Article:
Murray State President: Higher Ed "Impacted Indirectly" by Bevin's Mid-Year Cuts

Sep 11, 2017

Credit Matt Markgraf, WKMS

Murray State University’s president said Governor Matt Bevin’s call to reduce more than 17% of the state budget this year doesn’t have a direct impact on the state’s public colleges and universities, but higher ed officials are bracing for an 'indirect' cut of more than $7 million dollars.

President Bob Davies said in a letter to faculty and staff, "While, as state, this reduction does not directly impact Murray State and the other public universities and community colleges at this time, we will be impacted indirectly as the Council on Postsecondary Education (CPE) will reduce their budget by 17.4 percent, or $7.1 million."

Bevin authorized the mid-year reduction for state agencies and constitutional offices to mitigate a $200 million revenue shortfall.

The CPE is a coordinating agency that develops accountability systems, produces and submits budget requests, monitors tuition rates and numerous other things.

Davies said CPE staff will send revised budgets to the state budget director on September 25.

He also expects a rise in pension rates and a further reduction in the state higher ed budget. Davies said pension rates are "expected to increase" following an anticipated special session this fall to address the state's pension crisis.

He predicts yet another cut to higher education in the upcoming General Assembly in January. "Based on the current fiscal conditions of the Commonwealth - in terms of revenue projections and pension rates - it is projected that all state budgets, including higher education, will be reduced," Davies said.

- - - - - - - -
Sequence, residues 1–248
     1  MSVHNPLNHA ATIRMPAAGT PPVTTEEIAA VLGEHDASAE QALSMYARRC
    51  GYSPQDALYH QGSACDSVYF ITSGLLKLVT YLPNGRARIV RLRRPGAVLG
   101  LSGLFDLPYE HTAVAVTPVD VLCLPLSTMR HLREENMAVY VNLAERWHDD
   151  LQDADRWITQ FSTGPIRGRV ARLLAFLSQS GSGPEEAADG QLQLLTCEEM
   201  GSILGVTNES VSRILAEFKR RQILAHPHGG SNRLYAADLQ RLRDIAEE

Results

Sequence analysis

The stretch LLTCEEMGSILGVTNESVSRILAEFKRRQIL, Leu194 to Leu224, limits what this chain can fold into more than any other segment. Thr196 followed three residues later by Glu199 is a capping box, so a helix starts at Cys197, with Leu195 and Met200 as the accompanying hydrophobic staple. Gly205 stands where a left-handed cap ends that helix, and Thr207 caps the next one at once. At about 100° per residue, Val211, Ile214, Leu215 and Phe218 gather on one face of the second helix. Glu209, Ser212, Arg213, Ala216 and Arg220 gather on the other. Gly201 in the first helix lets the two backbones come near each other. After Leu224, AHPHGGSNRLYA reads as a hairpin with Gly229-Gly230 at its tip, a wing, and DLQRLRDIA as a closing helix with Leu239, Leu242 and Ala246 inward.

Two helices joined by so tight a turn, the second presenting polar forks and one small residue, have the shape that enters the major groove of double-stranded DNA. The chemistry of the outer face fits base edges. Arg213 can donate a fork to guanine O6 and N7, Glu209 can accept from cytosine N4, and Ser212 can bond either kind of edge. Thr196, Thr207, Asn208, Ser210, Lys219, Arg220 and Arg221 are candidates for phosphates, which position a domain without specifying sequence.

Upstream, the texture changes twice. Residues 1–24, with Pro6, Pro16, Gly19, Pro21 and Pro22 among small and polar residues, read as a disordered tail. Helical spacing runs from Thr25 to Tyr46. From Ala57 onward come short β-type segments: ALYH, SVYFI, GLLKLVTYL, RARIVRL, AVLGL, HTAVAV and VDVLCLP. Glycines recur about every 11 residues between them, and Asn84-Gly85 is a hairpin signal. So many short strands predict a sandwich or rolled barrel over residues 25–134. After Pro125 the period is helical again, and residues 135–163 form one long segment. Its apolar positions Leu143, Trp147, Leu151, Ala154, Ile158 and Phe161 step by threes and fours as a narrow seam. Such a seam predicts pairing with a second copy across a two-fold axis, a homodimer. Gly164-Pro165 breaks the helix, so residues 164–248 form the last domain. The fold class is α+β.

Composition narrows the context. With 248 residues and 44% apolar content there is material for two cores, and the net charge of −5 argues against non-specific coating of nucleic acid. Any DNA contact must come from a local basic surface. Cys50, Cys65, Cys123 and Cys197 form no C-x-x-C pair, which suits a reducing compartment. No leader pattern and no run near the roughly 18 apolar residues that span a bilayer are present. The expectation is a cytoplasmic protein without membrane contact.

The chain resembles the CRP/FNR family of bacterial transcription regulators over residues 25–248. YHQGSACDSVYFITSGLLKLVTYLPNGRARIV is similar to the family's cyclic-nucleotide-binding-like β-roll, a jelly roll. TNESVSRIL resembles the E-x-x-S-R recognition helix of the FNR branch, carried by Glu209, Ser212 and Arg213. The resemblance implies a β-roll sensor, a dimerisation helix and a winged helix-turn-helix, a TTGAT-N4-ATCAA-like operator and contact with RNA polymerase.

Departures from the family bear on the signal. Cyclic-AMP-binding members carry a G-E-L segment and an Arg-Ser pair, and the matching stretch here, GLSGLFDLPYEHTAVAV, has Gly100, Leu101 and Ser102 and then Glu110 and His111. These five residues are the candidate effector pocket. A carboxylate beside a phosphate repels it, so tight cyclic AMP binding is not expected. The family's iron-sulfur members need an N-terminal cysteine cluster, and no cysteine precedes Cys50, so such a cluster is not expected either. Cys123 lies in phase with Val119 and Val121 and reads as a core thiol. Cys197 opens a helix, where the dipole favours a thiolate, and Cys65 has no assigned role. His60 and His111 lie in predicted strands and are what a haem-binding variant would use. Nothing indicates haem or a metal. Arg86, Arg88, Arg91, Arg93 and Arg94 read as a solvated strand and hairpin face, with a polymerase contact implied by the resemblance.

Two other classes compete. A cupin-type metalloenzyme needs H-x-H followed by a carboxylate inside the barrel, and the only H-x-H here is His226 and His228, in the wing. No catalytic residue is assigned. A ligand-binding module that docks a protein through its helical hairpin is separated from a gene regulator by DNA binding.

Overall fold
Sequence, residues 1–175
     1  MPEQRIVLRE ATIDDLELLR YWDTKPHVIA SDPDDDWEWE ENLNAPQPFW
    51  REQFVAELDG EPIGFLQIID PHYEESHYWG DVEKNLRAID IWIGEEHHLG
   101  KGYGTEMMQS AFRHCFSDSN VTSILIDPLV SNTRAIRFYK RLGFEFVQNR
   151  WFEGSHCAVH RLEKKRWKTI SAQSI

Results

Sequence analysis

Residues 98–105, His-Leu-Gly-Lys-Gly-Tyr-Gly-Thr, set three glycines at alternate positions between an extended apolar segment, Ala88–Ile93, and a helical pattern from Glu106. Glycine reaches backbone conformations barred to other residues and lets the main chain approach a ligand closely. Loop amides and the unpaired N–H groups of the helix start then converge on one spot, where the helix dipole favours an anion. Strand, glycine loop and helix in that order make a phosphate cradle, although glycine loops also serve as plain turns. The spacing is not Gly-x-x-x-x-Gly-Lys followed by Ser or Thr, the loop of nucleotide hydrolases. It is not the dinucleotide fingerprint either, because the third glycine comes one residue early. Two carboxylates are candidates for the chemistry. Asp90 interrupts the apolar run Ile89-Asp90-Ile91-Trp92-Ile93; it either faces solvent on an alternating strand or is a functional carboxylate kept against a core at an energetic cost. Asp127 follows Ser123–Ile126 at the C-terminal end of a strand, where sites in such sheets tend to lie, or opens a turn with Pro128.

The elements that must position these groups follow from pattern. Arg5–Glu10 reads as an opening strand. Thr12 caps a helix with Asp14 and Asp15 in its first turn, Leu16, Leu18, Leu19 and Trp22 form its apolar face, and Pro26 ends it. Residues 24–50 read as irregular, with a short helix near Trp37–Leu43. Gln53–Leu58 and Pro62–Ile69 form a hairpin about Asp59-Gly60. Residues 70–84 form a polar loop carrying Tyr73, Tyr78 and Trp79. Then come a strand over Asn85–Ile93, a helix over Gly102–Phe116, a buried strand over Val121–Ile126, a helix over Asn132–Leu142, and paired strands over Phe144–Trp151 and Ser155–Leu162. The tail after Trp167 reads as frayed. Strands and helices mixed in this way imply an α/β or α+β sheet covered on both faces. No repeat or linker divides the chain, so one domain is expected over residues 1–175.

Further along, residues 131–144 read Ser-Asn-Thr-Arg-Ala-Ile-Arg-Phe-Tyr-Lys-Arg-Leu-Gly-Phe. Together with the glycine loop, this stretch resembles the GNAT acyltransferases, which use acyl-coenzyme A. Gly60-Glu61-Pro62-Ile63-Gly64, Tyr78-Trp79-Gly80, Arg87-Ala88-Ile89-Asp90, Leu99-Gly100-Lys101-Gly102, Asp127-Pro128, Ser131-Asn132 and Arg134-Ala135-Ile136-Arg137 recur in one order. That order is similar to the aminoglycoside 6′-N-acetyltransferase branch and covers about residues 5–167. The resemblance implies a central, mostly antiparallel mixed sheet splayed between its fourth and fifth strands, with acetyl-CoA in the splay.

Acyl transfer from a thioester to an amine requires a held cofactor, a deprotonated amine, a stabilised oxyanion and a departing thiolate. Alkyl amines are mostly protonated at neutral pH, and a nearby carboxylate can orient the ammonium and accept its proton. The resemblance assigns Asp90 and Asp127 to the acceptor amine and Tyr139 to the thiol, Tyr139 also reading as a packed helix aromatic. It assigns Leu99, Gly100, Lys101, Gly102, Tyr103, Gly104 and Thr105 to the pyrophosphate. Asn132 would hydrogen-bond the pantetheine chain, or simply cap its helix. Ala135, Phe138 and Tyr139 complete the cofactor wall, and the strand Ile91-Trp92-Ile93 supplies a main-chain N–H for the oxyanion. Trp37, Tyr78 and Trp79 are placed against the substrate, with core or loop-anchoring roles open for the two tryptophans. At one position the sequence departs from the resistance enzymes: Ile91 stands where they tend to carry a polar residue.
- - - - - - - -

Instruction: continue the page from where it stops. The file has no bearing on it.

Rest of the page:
State higher ed saw a 4.5% reduction in the previous budget. Davies added that Murray State has gone through a series of reductions over the past decade. "As a result of this, we have reduced and eliminated many services and programs as well as made difficult sacrifices," he said.

Davies said the university is seizing on "new and sustainable revenue sources" to offset reductions and will continue to be "aggressive in this approach."

"I cannot stress enough the importance of enrollment," he said and called on the campus community to be active ambassadors for the university. He also described a commitment to academic rigor and advancing programs to meet regional needs.

"Now is the time, contrary to the immediate impulse to constrict and reduce opportunities, to expand our efforts to attract well-qualified and college-ready students and implement programs that serve our mission of education and enable us to generate additional revenues," he said.